Suppose first that $a$, as you put it, is an adherent point to $D$, i.e. $a\in \overline{D}$. It is quite easy to show that if $a$ is an isolated point, the limit is not unique. Indeed, consider the function $I :D=\{ 0\} \to \mathbb{R}$, defined by $$ I (x)=x. $$ Then for all $\epsilon >0$, all $x\in \{ 0\}$, all $\delta >0$ and all $b\in \mathbb{R}$, we have that $$ 0<|x-0|<\delta \Rightarrow |I(x)-b|<\epsilon $$ is vacuously true, and so $I$ tends to every single real number whenever $x$ goes to $0$. This is definitely not good!

A simple workaround is to make the definition solely for accumulation points, rather than adherent points. (Recall that $a$ is said to be an accumulation point of $D$ if every (open) neighbourhood of $a$ contains a point of $D$ other than $a$ itself). In such case, our poor function $I$ would go from having every single limit possible to having no limit at all whenever $x$ goes to $0$. Strange, but not outrageous.

To see why this workaround leads to issues, we have to dig slightly deeper into the theory. Consider, for instance, the definition of continuous function, as defined by Heine. A function $f:D\subseteq \mathbb{R} \to \mathbb{R}$ is said to be continuous at a point $x_0 \in D$ if $$ \lim_{x\to x_0} f(x) = f(x_0), $$ and is said to be continuous if it is continuous at every point of its domain. In particular, the limit has to exist, and consequently the function $I$ is not continuous at $0$. Even stranger, but still not outrageous.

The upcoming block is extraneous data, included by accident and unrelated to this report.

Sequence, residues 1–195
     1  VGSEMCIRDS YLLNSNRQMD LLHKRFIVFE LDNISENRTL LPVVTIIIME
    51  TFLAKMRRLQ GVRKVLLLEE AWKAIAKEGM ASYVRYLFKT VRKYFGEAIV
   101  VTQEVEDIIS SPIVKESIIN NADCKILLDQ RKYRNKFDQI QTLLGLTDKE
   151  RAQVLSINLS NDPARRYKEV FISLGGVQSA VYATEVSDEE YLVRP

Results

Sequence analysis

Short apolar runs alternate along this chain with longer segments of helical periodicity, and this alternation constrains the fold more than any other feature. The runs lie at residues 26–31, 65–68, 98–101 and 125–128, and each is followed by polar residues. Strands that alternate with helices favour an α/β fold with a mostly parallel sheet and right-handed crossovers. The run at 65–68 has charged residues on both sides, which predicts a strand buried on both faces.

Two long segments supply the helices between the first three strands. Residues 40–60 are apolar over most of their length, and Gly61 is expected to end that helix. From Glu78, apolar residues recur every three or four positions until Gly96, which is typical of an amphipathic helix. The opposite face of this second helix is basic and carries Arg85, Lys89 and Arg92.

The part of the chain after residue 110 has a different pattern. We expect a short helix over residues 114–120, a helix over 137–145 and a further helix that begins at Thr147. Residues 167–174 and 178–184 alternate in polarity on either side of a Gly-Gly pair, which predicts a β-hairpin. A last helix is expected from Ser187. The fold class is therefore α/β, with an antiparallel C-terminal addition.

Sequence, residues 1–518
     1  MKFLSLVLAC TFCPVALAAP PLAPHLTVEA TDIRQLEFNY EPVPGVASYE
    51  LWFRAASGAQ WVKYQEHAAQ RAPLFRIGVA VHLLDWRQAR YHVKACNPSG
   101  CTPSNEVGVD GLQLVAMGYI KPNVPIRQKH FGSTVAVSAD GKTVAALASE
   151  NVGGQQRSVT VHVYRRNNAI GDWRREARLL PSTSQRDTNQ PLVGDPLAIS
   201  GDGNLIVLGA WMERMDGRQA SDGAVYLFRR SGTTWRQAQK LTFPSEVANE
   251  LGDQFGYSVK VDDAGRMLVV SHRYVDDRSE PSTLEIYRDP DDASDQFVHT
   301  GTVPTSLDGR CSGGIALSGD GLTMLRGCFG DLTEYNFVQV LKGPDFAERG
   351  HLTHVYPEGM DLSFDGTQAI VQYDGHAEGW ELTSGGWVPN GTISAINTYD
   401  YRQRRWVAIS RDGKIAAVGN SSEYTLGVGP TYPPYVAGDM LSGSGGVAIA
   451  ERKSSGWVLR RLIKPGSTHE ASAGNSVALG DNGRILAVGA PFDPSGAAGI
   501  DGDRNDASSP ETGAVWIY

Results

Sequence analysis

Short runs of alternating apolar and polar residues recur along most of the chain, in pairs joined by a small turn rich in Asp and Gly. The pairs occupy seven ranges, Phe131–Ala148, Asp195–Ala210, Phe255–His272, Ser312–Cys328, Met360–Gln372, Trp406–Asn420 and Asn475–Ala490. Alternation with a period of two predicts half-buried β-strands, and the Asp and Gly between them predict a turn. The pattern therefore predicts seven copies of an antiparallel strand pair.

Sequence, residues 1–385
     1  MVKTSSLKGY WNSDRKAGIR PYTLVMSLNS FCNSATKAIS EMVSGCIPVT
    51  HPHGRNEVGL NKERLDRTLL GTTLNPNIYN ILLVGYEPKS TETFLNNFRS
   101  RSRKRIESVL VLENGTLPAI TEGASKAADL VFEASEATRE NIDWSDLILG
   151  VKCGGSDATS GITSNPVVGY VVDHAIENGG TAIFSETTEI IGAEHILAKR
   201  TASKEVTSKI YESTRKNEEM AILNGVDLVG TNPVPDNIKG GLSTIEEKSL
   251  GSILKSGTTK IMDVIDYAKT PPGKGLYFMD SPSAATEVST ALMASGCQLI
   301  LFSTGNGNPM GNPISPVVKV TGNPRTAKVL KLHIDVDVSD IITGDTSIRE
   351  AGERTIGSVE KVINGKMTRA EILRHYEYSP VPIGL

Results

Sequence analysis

From here onward, though, the theory quickly crumbles if one is not careful, as well-known "theorems" may suddenly become false statements. Take, for example, the following result:

If $h:H\subseteq \mathbb{R} \to \mathbb{R}$ and $g:G\subseteq \mathbb{R} \to \mathbb{R}$ are two continuous functions, then $g \circ h : \{ x\in H: h(x) \in G \} \to \mathbb{R}$ is continuous.

Take then, for instance, $h(x) = -x$ and $g(x)=\sqrt{x}$, both defined on $\mathbb{R}^{+}_{0}$ and continuous. Then $g\circ h = I$, which we have seen not to be continuous. Oops!

Naturally, these problems ultimately boil down to how carefully definitions are laid out on top of one another. As a counter-argument to this specific example, some authors only define the composition of functions whenever (abusing notation a bit) $h$'s codomain is a subset of $g$'s domain. Others require $h$'s codomain to be equal to $g$'s domain. In both these cases, the example above wouldn't work.

In the end, you just have to be very careful, but I would definitely recommend you using Definition 1 :)

  • $\begingroup$ Thanks for the answer. However, I still have some doubts. The example you give the domain of g is not a subset of h. :P $\endgroup$ Commented Nov 3, 2016 at 22:22
  • $\begingroup$ Good catch. Fixed! $\endgroup$
    – Nyrox
    Commented Nov 3, 2016 at 22:28

You must log in to answer this question.

Not the answer you're looking for? Browse other questions tagged .